The Judge continued with a discussion of relevance and prejudice.  When asking for sanctions, the moving party must show that the lost evidence was relevant to their case, and that their case was prejudiced by the loss.  Prejudice results in a party losing access to evidence necessary to prove their case, and can include lost or deleted files, delayed discovery response, and modification of metadata in electronic files.  Relevance is often trickier; it can be hard to determine the nature of evidence a party has never seen.  In some cases, however (as in Victor Stanley), the relevance can be determined by looking to information about the lost evidence (for example, the names of lost files can indicate relevance, even if the files themselves were lost).  Where no information about the lost evidence is available, the courts may find a presumption of relevance.  As Judge Grim noted, the standard for this finding varies from circuit to circuit:  the Fourth Circuit finds a presumption of relevance where the failure to preserve was willful.  However, the Second Circuit finds that gross negligence is sufficient, while the Fifth Circuit has not addressed “whether even bad-faith destruction of evidence allows a … [presumption] … the evidence was relevant.”  Counsel and their clients face a shifting legal landscape on this issue as they move from one jurisdiction to another.

The Nature and Severity of Available Sanctions
Sanctions are determined by the combination of culpability and prejudice:  minimal culpability and severe prejudice may result in sanctions similar to those imposed for serious culpability and minimal prejudice.  In Victor Stanley, Judge Grimm walked through the various approaches taken by the circuits, and found that the type and severity of sanctions imposed varies from circuit to circuit.  The Fifth and Eleventh Circuits require a showing of bad faith to trigger severe sanctions, while the First, Fourth, and Ninth will impose severe sanctions upon the showing of severe prejudice.  The uncertainty in approaches is a source of continued concern to litigants.  Judge Grimm also discussed the menu of sanctions available to a court before he issued his specific ruling on Victor Stanley’s motion for sanctions.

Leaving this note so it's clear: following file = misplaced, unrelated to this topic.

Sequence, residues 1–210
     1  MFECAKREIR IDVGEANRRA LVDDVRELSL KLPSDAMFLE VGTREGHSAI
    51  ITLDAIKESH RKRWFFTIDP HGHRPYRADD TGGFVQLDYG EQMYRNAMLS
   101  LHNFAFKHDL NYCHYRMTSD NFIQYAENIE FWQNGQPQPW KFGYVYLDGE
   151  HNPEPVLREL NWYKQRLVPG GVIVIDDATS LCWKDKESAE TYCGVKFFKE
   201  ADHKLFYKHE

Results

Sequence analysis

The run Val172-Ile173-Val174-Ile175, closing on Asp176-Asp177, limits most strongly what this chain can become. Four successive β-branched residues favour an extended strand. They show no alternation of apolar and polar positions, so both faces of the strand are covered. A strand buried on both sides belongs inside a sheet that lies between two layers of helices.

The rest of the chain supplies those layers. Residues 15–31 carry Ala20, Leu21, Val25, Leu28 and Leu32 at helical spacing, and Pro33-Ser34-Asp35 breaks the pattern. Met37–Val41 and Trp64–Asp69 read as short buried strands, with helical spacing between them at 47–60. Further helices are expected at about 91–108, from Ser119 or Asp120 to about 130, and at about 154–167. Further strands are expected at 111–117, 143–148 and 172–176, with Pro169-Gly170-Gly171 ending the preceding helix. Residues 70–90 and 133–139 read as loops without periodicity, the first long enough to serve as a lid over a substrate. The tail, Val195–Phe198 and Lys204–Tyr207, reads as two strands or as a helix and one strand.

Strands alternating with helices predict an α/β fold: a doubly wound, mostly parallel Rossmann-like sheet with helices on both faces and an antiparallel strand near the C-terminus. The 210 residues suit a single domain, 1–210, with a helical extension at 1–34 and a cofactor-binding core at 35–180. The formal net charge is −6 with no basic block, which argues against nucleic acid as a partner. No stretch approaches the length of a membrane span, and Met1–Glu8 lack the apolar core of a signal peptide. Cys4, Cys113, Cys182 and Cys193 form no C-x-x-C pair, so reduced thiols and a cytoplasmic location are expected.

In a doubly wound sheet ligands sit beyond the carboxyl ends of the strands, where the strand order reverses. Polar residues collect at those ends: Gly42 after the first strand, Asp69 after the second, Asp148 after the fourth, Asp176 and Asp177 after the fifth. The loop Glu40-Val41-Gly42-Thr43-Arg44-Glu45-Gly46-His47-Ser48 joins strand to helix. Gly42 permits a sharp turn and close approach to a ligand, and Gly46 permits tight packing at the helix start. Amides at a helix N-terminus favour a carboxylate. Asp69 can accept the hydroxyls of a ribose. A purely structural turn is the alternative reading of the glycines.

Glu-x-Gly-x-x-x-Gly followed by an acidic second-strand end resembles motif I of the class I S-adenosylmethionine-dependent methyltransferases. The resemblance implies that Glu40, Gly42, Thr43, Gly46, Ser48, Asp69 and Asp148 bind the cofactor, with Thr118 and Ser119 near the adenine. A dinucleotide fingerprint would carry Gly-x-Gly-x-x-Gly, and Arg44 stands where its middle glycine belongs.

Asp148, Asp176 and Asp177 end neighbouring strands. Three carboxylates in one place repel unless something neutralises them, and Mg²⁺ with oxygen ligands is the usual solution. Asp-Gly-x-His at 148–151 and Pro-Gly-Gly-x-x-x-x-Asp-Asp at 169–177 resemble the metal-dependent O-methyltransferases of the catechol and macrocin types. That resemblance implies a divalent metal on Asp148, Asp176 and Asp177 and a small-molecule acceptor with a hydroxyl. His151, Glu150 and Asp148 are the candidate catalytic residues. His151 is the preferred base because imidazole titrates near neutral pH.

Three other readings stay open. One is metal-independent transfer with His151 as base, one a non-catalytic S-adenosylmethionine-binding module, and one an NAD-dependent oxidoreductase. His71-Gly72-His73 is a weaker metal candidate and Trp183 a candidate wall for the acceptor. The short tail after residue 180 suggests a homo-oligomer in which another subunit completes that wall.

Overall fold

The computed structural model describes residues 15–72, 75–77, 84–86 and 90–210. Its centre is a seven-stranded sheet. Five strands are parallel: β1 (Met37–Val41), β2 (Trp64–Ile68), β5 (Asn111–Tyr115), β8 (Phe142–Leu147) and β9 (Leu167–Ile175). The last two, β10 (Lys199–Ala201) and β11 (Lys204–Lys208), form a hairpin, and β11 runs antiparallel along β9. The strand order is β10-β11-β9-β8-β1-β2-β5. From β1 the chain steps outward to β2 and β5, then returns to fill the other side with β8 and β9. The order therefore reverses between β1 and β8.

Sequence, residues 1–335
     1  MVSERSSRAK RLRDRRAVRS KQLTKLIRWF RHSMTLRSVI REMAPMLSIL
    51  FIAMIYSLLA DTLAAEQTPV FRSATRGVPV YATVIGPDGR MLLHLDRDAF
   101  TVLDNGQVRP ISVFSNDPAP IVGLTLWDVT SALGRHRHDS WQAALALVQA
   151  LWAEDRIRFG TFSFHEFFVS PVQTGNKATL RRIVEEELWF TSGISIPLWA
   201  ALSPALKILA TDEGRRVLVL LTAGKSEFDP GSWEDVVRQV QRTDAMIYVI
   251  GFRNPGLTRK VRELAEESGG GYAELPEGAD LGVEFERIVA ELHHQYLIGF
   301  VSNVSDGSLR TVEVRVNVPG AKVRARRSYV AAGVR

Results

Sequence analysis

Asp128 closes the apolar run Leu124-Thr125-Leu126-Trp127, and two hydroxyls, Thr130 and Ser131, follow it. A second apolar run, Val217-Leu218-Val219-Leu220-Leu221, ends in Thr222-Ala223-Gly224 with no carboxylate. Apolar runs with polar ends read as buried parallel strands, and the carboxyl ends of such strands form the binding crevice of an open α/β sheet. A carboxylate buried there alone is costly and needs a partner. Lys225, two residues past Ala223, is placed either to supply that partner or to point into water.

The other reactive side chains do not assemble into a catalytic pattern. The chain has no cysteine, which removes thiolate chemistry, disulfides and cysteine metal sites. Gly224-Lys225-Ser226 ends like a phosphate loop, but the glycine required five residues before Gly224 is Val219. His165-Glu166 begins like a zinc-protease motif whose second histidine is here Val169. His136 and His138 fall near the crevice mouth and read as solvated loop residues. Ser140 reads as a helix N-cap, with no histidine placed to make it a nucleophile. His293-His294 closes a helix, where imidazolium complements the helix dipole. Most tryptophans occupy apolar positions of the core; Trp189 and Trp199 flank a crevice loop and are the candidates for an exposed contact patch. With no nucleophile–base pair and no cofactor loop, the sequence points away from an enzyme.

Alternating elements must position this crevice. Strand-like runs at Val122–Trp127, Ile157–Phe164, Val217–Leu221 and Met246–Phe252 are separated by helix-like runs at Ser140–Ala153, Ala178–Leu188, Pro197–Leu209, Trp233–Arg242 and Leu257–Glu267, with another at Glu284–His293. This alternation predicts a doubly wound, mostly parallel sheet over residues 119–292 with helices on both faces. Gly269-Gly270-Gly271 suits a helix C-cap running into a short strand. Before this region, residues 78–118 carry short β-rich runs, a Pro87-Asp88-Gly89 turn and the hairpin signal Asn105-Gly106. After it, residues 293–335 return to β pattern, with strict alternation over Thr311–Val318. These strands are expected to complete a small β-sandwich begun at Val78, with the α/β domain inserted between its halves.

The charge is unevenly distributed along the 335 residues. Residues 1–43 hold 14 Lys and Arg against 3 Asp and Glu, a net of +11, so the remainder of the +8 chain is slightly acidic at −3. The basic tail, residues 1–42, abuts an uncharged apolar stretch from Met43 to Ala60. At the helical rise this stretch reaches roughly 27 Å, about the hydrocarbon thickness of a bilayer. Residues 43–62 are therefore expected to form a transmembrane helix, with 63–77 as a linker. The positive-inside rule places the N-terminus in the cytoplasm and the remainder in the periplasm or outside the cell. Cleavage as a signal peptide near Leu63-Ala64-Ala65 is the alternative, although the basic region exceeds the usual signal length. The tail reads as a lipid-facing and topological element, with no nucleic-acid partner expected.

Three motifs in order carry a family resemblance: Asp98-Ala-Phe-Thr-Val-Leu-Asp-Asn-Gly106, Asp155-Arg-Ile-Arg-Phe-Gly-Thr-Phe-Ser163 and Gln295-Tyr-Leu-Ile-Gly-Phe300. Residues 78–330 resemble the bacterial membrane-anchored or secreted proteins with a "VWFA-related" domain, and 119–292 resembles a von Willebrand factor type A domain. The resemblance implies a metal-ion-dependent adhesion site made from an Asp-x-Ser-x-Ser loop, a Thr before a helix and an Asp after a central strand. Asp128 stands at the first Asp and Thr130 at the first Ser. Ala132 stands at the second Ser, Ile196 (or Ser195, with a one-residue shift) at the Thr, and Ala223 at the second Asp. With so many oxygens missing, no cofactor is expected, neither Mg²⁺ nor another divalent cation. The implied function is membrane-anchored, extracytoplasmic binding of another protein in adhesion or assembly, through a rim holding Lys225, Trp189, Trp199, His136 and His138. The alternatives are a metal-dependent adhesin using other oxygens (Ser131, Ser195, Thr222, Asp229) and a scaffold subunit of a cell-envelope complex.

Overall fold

Resolution in Victor Stanley
Judge Grimm found, and Creative Pipe agreed, that its actions were in bad faith, that the evidence lost had been relevant, and the result was prejudicial to Victor Stanley.  The Court entered a default Judgment on the copyright infringement count, to which Creative Pipe consented.  However, default judgment on the other counts was denied, without prejudice.  The Judge found that Victor Stanley had failed to establish the elements of spoliation as to those counts, and left a resolution of that question open pending further evidence.

Moving to attorney’s fees and costs, Judge Grimm ruled that all fees and costs related to the spoliation proceedings be paid by Creative Pipe.  While denying Victor Stanley’s request that the matter be referred to the U.S. Attorney for criminal contempt charges, Judge Grimm entered an order for civil contempt against Mark Pappas.  In order to ensure that the fees and costs were paid, the Judge ordered Pappas jailed for two years upon quantification of fees and costs, until they were paid in full.

Conclusion
While recognizing the uncertainly faced by counsel and their clients, Judge Grimm used his opinion in Victor Stanley to provide a helpful aid to navigating the issue of spoliation – indeed, the Judge prepared and attached to his decision a chart summarizing the law in this area circuit by circuit.  This “analytical framework,” as the Judge calls it, paired with the cautionary tale of the underlying case, makes Victory Stanley v. Creative Pipe a fascinating and instructive opinion for anyone dealing with preservation and discovery of electronic information.